RATIONALE: Asthmatic children are often sensitization to airborne fungi yet many live in homes containing poor indoor air quality (IAQ). To examine the reduction in airborne spores at the beginning and after 6 months enrolment in a Healthy Homes program the following studies were conducted. METHODS: Homes enrolled in this project contained at least one child with asthma. Homes were evaluated for indoor and outdoor environmental conditions related to the maintenance of IAQ at the time of enrolment and after 6 months of participation in a healthy homes program. After enrolment, residents of these homes received education on maintaining a safe and healthy home along with assistance in remediating unsafe or unhealthy IAQ conditions in the home. Air collections were taken using a BioAire Model B520 spore trap both before and after education/ remediation at two locations outside the home and at 5 locations inside the home. Air collections were evaluated microscopically for commonly identified spores. RESULTS: Results from the first 10 homes to fully complete the study indicate the major fungal spores present include Cladosporium (before 97% of collections; after 90% of collections); Aspergillus/Penicillium (87%/75%); Alternaria (35%/45%) and Stachybotrys (24%/6%). Overall spore reductions in the child’s bedroom for these 10 homes included Stachybotrys (100%), Aspergillus/Penicillium (55%). Mean total indoor spore levels were reduced from 24% of outdoor ambient levels before the healthy homes program to 16% of outdoor ambient levels at completion. CONCLUSIONS: Healthy homes education along with remediation for unsafe or unhealthy conditions resulted in substantial reduction in airborne fungal spore exposure.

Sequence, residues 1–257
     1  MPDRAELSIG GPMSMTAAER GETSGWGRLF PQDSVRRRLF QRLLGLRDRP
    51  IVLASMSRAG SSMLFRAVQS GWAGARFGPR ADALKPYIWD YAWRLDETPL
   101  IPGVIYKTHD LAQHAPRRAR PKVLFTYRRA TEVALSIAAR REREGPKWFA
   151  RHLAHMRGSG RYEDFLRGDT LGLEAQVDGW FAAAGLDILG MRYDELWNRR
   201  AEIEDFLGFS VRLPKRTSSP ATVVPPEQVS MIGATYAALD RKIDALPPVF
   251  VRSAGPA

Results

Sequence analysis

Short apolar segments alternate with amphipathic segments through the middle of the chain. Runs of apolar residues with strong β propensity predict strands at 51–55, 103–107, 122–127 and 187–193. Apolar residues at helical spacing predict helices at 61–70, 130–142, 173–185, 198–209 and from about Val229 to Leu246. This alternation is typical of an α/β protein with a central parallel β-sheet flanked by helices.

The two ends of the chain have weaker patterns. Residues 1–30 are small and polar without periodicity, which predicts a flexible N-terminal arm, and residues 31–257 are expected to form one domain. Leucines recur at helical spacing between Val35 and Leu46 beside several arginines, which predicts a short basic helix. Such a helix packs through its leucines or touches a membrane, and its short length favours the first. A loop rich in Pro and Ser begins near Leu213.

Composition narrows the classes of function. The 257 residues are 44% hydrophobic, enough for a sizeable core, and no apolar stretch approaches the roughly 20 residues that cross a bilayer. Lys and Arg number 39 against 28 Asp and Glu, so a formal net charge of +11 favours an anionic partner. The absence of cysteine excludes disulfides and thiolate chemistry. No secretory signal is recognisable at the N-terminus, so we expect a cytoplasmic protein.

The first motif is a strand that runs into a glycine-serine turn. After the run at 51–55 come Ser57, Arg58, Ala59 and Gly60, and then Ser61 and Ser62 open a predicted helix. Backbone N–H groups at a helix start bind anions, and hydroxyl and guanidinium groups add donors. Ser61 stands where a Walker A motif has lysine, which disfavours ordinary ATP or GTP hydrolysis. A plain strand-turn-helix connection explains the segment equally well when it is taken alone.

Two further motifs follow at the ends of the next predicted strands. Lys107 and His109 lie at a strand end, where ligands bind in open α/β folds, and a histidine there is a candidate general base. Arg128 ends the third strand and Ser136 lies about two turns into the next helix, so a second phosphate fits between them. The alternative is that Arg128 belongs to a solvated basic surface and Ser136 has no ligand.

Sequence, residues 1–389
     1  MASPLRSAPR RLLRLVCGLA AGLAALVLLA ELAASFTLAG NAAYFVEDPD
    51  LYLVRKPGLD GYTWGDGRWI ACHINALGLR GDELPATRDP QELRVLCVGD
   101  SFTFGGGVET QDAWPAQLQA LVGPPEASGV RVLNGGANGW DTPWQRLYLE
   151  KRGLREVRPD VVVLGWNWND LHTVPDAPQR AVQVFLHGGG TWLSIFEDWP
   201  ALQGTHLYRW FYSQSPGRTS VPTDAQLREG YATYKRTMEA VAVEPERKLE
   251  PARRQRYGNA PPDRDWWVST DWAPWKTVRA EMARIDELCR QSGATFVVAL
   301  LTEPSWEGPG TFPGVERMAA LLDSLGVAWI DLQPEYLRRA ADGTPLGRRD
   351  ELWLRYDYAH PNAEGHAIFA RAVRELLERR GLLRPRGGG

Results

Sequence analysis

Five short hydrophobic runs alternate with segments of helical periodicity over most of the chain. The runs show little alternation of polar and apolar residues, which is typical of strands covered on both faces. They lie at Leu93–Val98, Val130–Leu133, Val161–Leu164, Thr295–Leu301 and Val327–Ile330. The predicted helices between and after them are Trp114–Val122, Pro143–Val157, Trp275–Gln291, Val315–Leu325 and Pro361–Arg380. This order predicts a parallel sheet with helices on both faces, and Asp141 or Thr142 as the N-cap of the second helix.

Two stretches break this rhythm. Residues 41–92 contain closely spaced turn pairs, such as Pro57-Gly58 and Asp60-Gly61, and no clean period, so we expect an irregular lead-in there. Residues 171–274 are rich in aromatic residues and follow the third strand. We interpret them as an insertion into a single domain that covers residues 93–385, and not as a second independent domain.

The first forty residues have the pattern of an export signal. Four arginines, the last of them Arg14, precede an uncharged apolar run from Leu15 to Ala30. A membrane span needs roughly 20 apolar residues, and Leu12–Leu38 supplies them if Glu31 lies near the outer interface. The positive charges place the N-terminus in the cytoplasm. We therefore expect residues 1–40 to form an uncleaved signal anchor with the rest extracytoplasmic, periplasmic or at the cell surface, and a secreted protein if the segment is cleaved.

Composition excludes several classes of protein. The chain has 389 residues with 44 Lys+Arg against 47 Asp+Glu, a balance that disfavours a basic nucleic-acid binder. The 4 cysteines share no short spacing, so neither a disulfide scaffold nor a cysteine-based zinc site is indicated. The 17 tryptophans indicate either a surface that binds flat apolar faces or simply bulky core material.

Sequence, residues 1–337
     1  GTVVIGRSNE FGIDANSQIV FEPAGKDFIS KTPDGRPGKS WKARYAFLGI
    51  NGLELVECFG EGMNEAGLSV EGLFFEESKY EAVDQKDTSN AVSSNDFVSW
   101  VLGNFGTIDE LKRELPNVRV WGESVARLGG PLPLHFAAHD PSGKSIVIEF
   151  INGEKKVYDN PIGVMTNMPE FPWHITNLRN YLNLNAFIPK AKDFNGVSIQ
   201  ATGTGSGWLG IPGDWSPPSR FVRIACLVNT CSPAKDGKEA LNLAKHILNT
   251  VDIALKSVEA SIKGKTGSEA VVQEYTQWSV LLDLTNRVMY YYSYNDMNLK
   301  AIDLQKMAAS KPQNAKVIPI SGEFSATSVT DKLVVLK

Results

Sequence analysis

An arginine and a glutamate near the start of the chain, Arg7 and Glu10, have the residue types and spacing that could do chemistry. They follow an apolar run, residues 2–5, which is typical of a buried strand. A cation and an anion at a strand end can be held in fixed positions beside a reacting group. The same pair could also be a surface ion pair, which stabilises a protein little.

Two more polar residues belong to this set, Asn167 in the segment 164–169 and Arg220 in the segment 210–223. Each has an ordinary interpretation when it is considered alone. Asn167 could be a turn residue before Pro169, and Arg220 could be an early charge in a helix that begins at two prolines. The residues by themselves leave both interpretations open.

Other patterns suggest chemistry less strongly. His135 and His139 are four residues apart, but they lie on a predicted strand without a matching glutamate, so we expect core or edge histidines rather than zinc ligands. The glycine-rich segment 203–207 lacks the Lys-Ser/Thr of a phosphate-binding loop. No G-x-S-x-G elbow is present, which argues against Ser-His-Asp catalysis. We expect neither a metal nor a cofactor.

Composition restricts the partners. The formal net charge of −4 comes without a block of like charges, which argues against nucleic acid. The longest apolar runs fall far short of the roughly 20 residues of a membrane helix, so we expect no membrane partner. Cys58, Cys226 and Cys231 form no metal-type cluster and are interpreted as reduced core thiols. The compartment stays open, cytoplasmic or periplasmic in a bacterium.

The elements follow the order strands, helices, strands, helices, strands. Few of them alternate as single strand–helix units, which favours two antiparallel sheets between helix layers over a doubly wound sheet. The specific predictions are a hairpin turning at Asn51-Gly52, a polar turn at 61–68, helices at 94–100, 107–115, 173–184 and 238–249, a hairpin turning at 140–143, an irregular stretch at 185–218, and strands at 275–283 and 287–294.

Indoor Airborne Spore Levels Before and
Full conference title:
American Academy of Allergy Asthma & Immunology
- AAAAI 2012 (68th)